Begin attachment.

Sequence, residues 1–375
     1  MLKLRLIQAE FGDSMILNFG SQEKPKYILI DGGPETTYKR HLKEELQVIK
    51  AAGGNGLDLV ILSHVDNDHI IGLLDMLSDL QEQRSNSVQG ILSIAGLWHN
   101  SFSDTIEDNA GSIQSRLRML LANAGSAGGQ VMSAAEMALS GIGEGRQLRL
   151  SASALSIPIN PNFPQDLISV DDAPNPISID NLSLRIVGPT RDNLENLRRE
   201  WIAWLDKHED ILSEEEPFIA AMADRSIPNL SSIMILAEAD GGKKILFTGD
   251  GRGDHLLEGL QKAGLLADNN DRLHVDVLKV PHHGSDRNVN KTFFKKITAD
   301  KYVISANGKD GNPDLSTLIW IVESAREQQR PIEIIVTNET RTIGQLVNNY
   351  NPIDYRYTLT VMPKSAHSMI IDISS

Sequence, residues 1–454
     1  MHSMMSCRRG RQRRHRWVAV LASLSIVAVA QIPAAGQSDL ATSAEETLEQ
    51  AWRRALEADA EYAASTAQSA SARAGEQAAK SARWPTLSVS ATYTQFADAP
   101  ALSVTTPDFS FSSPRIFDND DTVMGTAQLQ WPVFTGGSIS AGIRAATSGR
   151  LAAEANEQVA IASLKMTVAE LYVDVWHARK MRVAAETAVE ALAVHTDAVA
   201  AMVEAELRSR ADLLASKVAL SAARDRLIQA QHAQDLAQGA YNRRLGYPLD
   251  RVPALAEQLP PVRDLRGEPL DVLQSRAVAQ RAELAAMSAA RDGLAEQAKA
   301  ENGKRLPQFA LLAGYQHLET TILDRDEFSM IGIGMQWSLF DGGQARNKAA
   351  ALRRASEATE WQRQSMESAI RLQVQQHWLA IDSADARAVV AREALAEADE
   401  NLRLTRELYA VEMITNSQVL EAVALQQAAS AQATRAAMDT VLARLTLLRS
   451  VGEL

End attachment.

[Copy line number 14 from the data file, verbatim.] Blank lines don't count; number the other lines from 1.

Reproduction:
   151  LAAEANEQVA IASLKMTVAE LYVDVWHARK MRVAAETAVE ALAVHTDAVA